To overlook Price as the new Indigenous Australians spokeswoman would be a big mistake because it’s not the Coalition’s Indigenous MPs who’ve gone weak on opposing a race-based body in the Constitution, it’s a handful of well-heeled Liberals, and one former Nat. And support for Dutton’s stand is only growing among Coalition supporters.
But back to Leeser. Last week he told us everything that was wrong with Labor’s voice.
In his National Press Club speech, the Coalition’s now former frontbencher said the voice, as proposed by the Prime Minister, would “create a new level of bureaucracy” with “inevitably … court challenges”. He said it would undermine the primacy of parliament. And by failing to deliver local and regional voices it would “ultimately mean no change on all the issues that matter”.
What’s more, he said, the referendum was on the verge of failing because of a prime minister “who has abandoned good process and a spirit of partnership”.
But this week, despite his deep misgivings about what’s proposed and the spirit in which it’s being put forward, Leeser said he intended “to campaign for a Yes vote”. Perhaps to justify himself, he said that in the meantime he would “be arguing for … changes to the referendum wording”. But hang on – just a week earlier he’d said of the Prime Minister: “This does not sound like … a person looking to reach consensus.”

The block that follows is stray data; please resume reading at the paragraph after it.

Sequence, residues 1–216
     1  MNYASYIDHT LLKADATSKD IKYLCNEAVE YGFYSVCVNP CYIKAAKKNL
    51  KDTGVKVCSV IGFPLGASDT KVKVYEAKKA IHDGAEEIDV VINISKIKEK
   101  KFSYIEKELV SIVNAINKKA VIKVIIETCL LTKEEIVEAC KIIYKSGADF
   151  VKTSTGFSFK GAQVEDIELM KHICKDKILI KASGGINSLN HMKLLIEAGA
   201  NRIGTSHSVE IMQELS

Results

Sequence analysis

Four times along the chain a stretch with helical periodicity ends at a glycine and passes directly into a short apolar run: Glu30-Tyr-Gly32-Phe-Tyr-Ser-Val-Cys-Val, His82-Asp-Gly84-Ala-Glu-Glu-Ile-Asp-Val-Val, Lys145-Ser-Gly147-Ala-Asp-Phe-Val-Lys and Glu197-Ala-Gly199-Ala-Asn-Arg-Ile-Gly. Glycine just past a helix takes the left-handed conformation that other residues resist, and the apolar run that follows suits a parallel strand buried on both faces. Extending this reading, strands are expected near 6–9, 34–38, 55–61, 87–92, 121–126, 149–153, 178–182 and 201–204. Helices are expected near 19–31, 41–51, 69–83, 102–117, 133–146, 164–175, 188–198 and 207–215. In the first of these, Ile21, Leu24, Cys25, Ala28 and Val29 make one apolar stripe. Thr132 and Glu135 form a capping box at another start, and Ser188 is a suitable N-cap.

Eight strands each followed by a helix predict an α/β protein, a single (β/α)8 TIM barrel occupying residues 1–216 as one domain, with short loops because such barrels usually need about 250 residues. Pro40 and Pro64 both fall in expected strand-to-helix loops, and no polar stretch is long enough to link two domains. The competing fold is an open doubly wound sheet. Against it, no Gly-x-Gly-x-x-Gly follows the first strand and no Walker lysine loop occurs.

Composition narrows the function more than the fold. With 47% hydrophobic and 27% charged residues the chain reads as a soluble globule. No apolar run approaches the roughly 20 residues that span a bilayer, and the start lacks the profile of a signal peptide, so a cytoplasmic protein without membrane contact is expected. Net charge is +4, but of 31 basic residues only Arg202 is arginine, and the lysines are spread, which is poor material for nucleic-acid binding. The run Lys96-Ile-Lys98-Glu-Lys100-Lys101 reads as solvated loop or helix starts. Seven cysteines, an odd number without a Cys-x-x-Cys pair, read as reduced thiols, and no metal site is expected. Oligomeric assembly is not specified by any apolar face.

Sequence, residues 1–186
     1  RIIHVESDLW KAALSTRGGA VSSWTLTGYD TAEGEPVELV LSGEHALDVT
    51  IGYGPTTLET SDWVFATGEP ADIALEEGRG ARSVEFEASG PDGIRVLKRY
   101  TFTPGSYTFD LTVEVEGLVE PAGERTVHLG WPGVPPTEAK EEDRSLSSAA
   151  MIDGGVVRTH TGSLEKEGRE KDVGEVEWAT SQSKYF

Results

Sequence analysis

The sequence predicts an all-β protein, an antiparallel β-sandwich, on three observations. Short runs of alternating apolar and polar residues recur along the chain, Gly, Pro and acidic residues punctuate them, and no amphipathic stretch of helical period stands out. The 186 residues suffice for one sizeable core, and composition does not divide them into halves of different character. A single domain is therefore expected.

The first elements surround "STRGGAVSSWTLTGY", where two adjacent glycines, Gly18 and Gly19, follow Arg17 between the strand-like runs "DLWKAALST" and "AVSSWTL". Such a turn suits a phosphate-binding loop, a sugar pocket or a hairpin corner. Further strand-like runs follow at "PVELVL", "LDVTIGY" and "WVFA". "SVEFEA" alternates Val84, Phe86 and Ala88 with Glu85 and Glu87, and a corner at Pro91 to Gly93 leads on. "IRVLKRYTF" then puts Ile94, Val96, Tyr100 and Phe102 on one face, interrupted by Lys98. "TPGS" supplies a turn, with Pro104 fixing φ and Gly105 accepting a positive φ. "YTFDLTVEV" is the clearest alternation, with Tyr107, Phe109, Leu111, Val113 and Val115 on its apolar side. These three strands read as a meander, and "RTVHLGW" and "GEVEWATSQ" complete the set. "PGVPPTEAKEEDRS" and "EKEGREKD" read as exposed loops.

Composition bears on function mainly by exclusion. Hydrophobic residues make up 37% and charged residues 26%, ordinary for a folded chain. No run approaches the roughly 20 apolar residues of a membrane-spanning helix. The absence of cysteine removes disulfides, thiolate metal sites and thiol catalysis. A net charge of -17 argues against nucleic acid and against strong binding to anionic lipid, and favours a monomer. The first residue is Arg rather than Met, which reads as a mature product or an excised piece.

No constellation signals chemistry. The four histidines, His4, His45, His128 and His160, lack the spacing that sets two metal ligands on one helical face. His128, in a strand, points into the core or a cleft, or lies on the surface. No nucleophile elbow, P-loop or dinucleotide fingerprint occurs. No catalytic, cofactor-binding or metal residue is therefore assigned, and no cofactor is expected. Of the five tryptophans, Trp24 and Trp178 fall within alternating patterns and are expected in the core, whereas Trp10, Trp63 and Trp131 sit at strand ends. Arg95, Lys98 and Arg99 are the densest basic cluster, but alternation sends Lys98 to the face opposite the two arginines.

Meaning Leeser’s position is as clear as mud. He knows this is a bad proposal because it will hopelessly gum up government, it will invite the unelected High Court to second-guess the decisions of the elected government, and it’s unlikely to make any difference to the dysfunction it’s supposed to cure. The question for people such as Leeser to answer is: Why vote Yes to a fundamentally flawed proposal just because they would otherwise be accused of disrespect to Aboriginal people, rather than simply rejecting a voice that would fundamentally disrupt our system of government and – most egregious to me – divide citizens by their race?
One of the reasons people such as Leeser are so torn over a voice proposal is they’ve persuaded themselves that the solution to Indigenous disadvantage is yet more consultation, and to institutionalise Aboriginal people as different from all other Australians.
What I find most troubling about the whole voice concept is that it perpetuates racial separatism in the name of unity. It smacks of that legal lie in the 1896 Plessy v Ferguson doctrine that allowed US governments to get away with state-sponsored segregation for decades, until Martin Luther King Jr implored us on the steps of the Lincoln Memorial in 1963 to judge the content of our characters and not the colour of our skin.
Can you believe we are back here again? That in a place like Australia in 2023 we are actually debating a permanent change to our Constitution no less that would divide us into two classes of citizen: Aboriginal Australians, and everyone else?
Now that there is a contest, and just as ordinary Australians are starting to understand what’s at stake, the opposition has to do whatever it takes to prevail. And if that means treading on colleagues’ toes to put a warrior such as Price on the front line, then Dutton needs to put the country first before precious political egos.
1/ Senator Jacinta Price gave a passionate maiden speech in the Senate in 2022. Picture: NCA NewsWire / Gary Ramage